right of the building). On arrival just after 2pm, we saw
a White Stork on its nest, from the car
On this visit, water
levels were high and the first two hides had nothing but
a few Teal. However, our main quarry was further on in
the reeds, near to the two observation platforms, by the
road. Sure enough nearing the second platform we first
heard a calling Penduline Tit and then
started to get views of it through the reeds. It came
reasonably close but it was always on the move, and was
rarely out in the open, making photography difficult.
There seemed to be only one, possibly two birds,
associating briefly with Chiffchaffs and other small
birds on the edge of the path. It seems we were probably
fortunate that this bird approached the edge of the reeds
closely enough for us to see it.
Penduline Tit, La Capeliere
du Consecaniere and other Camargue sites
Where the D85
bends to the west, north of Saintes Maries de la Mer,
there is a track that leads north east along side the
Etang de Consecarniere. Some distance along here (probably
around 2 miles, in the vicinity of a pumping station) is
a reputed site for wintering Spotted Eagle.
We paid two visits here, but saw no sign. The first time
we walked along the track, which was reasonable for
photography, with Great White and Little
Egrets quite close by. Also plenty of usually
more distant Flamingo. There were also
flocks of pipits and Reed
Bunting, with the odd Chiffchaff
On the second visit, we
simply drove along the track, which is what other (non
birders) were doing. A lot easier and quicker, but still
no Spotted Eagle. From the pumping station, there were
plenty of distant Buzzard and Marsh
Harriers, but nothing larger in the generally
calm sunny conditions. Also a couple of fly over Greylag
Geese and a flock of Goldern Plover.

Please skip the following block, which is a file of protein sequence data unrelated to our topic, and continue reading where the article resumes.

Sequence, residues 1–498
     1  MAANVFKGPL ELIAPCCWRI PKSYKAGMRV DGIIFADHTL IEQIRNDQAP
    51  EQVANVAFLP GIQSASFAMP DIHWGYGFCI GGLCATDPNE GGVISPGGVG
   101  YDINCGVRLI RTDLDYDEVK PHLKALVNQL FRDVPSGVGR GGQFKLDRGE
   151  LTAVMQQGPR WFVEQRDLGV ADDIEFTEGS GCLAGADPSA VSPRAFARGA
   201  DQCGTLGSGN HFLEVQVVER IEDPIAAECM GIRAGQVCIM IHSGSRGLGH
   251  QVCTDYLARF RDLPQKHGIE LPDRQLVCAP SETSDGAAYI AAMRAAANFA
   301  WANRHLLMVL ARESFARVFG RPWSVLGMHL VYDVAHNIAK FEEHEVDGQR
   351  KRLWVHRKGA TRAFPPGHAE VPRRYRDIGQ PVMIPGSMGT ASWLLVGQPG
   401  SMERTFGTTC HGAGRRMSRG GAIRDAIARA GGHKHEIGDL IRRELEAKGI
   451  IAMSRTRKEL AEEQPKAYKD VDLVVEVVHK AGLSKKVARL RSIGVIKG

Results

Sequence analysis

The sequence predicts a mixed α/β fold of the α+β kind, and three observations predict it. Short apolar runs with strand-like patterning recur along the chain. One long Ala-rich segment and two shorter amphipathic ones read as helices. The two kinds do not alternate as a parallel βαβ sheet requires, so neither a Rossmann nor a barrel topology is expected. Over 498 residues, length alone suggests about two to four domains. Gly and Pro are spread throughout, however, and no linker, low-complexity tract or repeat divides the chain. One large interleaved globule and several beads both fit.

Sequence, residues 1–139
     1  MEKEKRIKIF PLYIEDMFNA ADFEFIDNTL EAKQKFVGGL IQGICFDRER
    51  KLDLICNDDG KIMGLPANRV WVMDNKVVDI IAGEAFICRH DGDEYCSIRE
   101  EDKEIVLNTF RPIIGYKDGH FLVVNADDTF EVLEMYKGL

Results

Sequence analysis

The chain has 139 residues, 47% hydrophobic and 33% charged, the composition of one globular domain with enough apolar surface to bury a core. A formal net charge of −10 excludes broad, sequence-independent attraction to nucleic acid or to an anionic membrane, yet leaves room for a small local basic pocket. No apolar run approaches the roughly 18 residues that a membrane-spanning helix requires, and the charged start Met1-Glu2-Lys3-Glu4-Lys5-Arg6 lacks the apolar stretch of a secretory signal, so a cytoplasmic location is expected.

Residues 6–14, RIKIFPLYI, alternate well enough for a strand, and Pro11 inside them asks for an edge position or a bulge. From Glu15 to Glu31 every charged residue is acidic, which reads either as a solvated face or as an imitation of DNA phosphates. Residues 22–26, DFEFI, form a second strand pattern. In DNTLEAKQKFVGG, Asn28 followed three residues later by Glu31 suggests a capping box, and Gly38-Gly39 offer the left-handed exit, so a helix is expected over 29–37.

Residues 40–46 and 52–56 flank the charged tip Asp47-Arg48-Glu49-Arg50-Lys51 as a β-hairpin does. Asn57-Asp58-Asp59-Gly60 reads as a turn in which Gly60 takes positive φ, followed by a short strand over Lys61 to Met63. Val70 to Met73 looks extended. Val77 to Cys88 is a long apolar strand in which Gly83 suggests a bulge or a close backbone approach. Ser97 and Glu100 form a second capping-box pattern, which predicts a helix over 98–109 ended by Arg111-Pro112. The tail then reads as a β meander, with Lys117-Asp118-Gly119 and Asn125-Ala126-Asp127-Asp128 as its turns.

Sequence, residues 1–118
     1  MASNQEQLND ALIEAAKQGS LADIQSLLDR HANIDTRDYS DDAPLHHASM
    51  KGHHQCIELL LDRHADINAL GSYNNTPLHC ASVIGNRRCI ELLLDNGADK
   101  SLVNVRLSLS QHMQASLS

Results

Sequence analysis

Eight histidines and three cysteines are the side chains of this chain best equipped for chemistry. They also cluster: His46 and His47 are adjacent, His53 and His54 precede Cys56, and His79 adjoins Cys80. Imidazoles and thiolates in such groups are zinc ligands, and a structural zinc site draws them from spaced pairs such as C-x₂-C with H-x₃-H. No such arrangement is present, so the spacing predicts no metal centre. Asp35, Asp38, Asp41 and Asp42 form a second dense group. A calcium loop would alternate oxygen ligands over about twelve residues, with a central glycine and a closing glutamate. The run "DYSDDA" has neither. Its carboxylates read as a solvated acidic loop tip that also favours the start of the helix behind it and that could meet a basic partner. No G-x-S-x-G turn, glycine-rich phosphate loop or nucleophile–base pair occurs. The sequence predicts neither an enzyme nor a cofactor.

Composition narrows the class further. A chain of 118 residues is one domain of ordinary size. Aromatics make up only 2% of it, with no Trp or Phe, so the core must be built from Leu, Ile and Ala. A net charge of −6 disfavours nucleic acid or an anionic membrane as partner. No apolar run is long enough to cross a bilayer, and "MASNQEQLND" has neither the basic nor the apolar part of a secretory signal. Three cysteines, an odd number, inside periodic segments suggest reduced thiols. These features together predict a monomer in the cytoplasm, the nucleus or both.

Duck on the etang included flocks of Wigeon
and some Red crested Pochard.
Obliging Great White Egret,
Tour du Valat, Camargue (click to enlarge)
Little Egret, Cacharel,
Camargue (click to enlarge)
Also in this part
of the Camargue, at Pioch Badet, just north of the D85/D570
junction, we found an obliging pair of White
Stork on an artificial nest platform in a layby
on the west side of the D570.
Elsewhere we generally
found that the Camargue in winter was much quieter than
in spring, with far fewer species.
Flamingo, Cacharel, Camargue (click
White Stork, Pioch Badet,
Camargue (click to enlarge)
La Crau Sites
Not very successful this
Ch. Vergieres/Peau de
Taking the D24
south west from St Martin de Crau, there is a turn after
a few miles signed Etang des Aulnes and Ch. Vergieres.
This long straight minor road goes into the heart of La
Crau. We first tried a possible Pin-tailed
Sandgrouse site, which is on the left by an old
railway wagon, just after the road turns left, with Ch
Vergieres straight-on. To the north east, there is an old
military installation visible in the distance. A
reasonable wait here, and even a walk out onto the plain
failed to come up with anything other than a couple of
distant Southern Grey Shrikes.
At the Peau de Meau
reserve (at the end of the road), we walked around the
approximately square trail, which took around 1hr. There
was nothing for our efforts other than another distant Southern
Grey Shrike and masses of sheep!
So no sign of Sandgrouse
or Little Bustard for that matter (seen in flight at the
old railway wagon site last May).
Western Aurelia, Maussane
priced hotel conveniently placed for Les Baux and
La Caume. Comfortable, reasonable sized clean
room. Recommended. However, when we booked we
thought the internet price included breakfast,
but were told on check-out it didn't. By
complaining vigorously they took the extra 22
off! On return, the website now clearly states
the breakfast is an additional 11 each! If
so, it's a rip off for a continental breakfast!
Try phoning -we got a rate that included
breakfast for our second, un-booked night.
room than the Aurelia, in an unappealing part of
Arles, and more expensive. Convenient access to a
local supermarket and the N113 for La Crau and
the Camargue. OK.